Towards a Shared Future: Indigenous Artists + Non-Indigenous Institutions

Towards a Share Future_web.jpg

Thursday 29 September 2022, 14:00 hrs. CEST.

Click here to register.

Towards a Shared Future: Indigenous Artists + Non-Indigenous Institutions

While art institutions continue to be entangled in private, public, and political interests, today we desire to work together with Indigenous artists in relation to one another as equals, sharing resources, space, and responsibility, and to model structural change that celebrates multi-centred perspectives true to our own time.

This webinar is conceived as an open and generative discussion about working across cultures with Indigenous artists, cultural producers and curators in the context of art institutions as we move forward to continue to build collections and curatorial and public programs that observe cultural protocols and reflect the diverse social values of our time, while also contributing to them. Offering recent projects in Canada and Brazil as case studies to learn and develop meaningful relationships of trust and reciprocity, the discussion will suggest generative questions and strategies.

Towards a shared future requires a radical rethinking of all aspects of curatorial work. This rethinking is not a single act, but rather it is a relentless dismantling and ongoing resistance. It is a long-term, persistent uprooting manifested daily and in all actions. These cumulative acts reconsider and adjust routine institutional procedures, from writing artist contracts to translating wall texts into Indigenous languages to hires and policies and everything in between.

  • How do non-Indigenous curators rearticulate their responsibilities, no longer from a singular authoritative position, but now rather in relation to one another?
  • How do non-Indigenous curators confront and hope to reposition their institution’s core identity as deeply implicated in the development of their national art as a field of research, collection, and dissemination, while acknowledging that historically such institutions have purposefully refrained from collecting/exhibiting the work of Indigenous artists?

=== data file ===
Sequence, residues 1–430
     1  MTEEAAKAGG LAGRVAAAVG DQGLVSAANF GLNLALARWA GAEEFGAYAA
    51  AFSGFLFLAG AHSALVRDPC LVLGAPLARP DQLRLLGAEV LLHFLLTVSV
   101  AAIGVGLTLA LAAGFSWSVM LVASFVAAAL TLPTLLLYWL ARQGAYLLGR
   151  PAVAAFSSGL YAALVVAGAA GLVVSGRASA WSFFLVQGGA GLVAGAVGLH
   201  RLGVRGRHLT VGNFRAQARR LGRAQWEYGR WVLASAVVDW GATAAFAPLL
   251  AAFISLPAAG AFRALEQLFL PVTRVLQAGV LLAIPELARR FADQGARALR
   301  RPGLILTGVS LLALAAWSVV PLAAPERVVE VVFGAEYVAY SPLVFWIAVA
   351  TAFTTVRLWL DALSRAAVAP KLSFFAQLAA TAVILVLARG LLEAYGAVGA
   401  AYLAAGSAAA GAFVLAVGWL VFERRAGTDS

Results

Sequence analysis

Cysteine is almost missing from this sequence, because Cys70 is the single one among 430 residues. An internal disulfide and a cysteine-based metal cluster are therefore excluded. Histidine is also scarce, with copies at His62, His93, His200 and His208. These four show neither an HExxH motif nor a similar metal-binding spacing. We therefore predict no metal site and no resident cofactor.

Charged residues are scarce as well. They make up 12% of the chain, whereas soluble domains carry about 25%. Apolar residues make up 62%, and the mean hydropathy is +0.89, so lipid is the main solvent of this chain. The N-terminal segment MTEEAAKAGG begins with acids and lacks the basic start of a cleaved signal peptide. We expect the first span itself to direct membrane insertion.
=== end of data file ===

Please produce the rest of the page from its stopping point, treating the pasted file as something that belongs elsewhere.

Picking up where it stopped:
• How can we unsettle systems, resist, disrupt the power dynamics, and support and centre Indigenous artists voices and narratives, lived experience and agency?
  • Is it in fact possible to achieve such changes and can we hope to eradicate beliefs that are entrenched within contemporary society? What would we create instead?

Invited Speakers

  • Fernanda Pitta, Assistant Professor and curator at MAC University of São Paulo , São Paulo; Brazil
  • Naine Terena, Researcher, curator and artist educator, Brazil
  • Stephen Gilchrist, Senior Lecturer, School of Indigenous Studies, University of Western Australia
  • Jocelyn Piirainen, Associate Curator of Inuit Art at the Winnipeg Art Gallery-Qaumajuq, Winnipeg, Canada

Moderated by Valéria Piccoli, Chief Curator, Pinacoteca de São Paulo, Brazil, Georgiana Uhlyarik, Fredrik S. Eaton Curator, Canadian Art, Art Gallery of Ontario, Toronto, Canada. With the support of Calin Dan, CIMAM Board member, General Director, MNAC Bucharest, National Museum of Contemporary Art.


Getty_Foundation_Basic_Stack_Blk_CMYK-(1).png

CIMAM 2022 Rapid Response Webinars are made possible with the support from the Getty Foundation through its Connecting Professionals/Sharing Expertise initiative.


Biographies

  • Fernanda Pitta